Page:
A bid to make boys gender sensitive

New scheme

Gender sensitivity and women security has become the need of the hour in a country where women were once given the status of a goddess.

Sadly, it is the same country where gender violence and incidents of rape have acquired alarming proportions. Molestation, acid attacks, eve teasing and domestic violence, female foeticide are the other ugly aspects of gender violence.

If on one hand they are called the ‘Lakshmi’ of a household, on the other hand they are treated as ‘unimportant’ and a ‘burden’ in a male-dominated society that continues to hanker for a ‘son’ to uphold the family’s name and honour. It would be fair to say that the recent incidents of violence and sex-related crimes against women have made life and living impossible for women in this country.

To tackle this situation, Minister of State for Women and Child Development Krishna Tirath recently launched, ‘Saksham’ – a scheme aimed at the all-round development of adolescent boys to make them self-reliant, gender-sensitive and good citizens as they grow up. This laudable endeavour hopes to address gender violence and channelise the energies of youngsters for nation-building.

The Rajiv Gandhi Scheme for Empowerment of Adolescent Boys, as it is also called, will also address the health needs – physical, mental and emotional – of boys and promote awareness of hygiene, nutrition and sexual and reproductive health.

Suman Sachdeva, Technical Director, education of Care India, an NGO working on issues related to education, gender and social biases, said, “This is a very important step taken by the Government, because if this can break the stereotype thinking of the men and boys in our country, it might help a lot in terms of handling cases related to sexual abuse.” The ‘ambitious’ scheme will cover all adolescent boys in the age-group of 11-18 years, sub-divided into the categories of 11-14 and 14-18. It aims to make adolescent boys gender-sensitive, to create sensitised ‘ahimsa messengers’ to address violence against women, to channelise their energies for nation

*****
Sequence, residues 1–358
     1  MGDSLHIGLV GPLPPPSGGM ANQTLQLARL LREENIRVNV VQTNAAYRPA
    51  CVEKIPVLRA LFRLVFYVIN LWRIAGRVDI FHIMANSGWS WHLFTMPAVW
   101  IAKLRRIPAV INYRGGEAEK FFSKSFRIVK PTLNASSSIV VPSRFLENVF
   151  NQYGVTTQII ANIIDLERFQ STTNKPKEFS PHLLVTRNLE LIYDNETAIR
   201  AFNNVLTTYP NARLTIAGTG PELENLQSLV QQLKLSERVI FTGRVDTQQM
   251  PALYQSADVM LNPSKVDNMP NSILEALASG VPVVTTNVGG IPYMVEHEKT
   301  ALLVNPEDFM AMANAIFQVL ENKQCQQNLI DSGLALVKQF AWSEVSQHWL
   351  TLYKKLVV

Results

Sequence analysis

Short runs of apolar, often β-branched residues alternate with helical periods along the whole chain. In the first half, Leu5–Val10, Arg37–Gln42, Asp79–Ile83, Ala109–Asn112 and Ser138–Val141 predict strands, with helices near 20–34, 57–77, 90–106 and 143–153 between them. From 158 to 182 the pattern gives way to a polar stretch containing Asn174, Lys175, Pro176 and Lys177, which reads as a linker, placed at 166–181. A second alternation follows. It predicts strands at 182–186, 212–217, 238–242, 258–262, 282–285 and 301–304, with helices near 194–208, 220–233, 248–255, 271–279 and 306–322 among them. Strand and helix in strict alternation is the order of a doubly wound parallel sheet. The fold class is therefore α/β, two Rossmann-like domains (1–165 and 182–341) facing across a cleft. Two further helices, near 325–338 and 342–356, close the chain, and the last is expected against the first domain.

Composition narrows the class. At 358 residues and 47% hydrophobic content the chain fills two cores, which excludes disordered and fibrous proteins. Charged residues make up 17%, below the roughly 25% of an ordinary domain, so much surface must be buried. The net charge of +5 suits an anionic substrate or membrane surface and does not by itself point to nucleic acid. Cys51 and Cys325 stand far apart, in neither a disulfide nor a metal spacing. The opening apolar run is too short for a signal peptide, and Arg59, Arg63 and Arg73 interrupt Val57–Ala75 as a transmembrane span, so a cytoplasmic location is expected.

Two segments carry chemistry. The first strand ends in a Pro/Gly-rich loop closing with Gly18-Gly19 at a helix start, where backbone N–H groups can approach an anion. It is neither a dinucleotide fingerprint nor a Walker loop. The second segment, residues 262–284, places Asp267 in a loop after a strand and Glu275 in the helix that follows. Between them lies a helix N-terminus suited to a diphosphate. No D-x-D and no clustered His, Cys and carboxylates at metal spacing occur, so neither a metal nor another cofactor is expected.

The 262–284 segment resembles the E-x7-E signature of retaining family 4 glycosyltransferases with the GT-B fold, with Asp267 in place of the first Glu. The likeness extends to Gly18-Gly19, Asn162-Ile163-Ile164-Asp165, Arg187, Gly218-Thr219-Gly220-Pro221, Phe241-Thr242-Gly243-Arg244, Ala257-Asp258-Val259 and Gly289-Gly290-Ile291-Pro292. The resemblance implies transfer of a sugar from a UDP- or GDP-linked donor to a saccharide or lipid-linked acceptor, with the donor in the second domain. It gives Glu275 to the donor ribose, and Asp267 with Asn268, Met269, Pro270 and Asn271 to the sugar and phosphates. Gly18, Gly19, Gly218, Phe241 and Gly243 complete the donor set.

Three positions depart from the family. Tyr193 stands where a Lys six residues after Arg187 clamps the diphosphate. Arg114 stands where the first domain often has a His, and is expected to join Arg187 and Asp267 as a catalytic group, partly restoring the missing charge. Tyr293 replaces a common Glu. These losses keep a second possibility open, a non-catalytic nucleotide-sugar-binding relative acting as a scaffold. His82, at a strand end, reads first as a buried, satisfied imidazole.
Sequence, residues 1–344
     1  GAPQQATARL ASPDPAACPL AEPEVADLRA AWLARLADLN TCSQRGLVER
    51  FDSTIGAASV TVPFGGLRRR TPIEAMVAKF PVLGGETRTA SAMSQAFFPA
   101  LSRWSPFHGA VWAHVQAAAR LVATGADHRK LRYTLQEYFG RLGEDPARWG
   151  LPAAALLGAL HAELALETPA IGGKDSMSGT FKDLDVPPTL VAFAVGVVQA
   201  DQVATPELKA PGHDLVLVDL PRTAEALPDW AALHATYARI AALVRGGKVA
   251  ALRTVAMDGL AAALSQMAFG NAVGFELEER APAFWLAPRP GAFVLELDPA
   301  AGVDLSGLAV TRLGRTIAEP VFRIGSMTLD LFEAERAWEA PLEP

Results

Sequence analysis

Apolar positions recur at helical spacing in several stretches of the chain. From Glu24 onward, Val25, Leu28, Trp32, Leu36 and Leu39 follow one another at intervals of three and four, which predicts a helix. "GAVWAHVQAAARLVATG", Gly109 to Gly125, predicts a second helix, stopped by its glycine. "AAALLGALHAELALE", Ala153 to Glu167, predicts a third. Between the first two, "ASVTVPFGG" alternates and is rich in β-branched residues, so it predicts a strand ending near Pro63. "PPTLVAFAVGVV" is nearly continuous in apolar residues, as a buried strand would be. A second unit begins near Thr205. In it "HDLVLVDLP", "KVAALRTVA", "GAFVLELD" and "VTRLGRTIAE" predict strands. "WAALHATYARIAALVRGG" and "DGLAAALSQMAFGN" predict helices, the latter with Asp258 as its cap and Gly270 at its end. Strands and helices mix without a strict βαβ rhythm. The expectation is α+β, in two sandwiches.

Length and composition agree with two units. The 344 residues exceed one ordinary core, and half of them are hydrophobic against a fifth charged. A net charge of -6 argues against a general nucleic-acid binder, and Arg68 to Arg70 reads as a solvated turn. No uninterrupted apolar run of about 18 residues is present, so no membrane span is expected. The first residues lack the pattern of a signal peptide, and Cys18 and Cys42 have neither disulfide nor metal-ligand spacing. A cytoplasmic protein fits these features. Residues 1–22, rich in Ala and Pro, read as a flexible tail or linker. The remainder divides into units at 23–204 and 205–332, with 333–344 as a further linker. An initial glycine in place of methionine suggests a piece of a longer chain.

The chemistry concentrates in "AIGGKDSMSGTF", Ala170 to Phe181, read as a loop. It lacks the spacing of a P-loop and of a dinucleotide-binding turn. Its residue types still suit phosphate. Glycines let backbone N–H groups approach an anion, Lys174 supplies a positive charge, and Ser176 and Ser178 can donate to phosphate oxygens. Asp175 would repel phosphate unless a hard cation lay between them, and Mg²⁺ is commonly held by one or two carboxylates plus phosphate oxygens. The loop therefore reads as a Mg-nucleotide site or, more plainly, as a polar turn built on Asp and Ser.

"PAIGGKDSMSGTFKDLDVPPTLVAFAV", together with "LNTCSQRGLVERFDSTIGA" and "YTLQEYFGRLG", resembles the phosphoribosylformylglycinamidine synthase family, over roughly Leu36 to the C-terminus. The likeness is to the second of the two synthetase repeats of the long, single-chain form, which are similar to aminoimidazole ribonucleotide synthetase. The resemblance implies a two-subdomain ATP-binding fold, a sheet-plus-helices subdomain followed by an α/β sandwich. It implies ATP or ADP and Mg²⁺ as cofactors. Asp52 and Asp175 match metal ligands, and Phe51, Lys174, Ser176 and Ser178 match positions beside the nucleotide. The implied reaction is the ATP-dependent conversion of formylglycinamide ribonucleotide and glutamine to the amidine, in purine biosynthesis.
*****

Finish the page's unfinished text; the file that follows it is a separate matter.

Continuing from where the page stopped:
building, etc.

Elaborating on the issue, Suman says, “This is all because of the patriarchal systen that we are living in. It has made the men/boys think that they are superior; that girls will get married one day and go and that they are only meant for doing household chores. The ‘adolescent’ age is a very crucial age for boys, as this is the time when their hormones are working overtime. During this phase we should channelise their energies and power in a positive direction so that they don’t indulge in any wrongdoings. This will also help in their self-growth and contribute towards
nation building.”

The scheme will be supported by a dedicated Saksham unit or cell created at the Centre or in the State, district and block levels. The anganwadi centres will be the main points for the delivery of the services. And in those areas where anganwadi infrastructure is inadequate, community centres, schools  or panchayat halls will be used.

Rachna Bose, a teacher in a leading school in the City, said, “Inculcating such thoughts in young boys is very important keeping the current scenario in mind. They should never be told that girls are less powerful or that only girls should do the household work. And also, the whole thinking of a man ruling a family should change. A man cannot be the only decision-maker, even a single woman can run a family
very well.”

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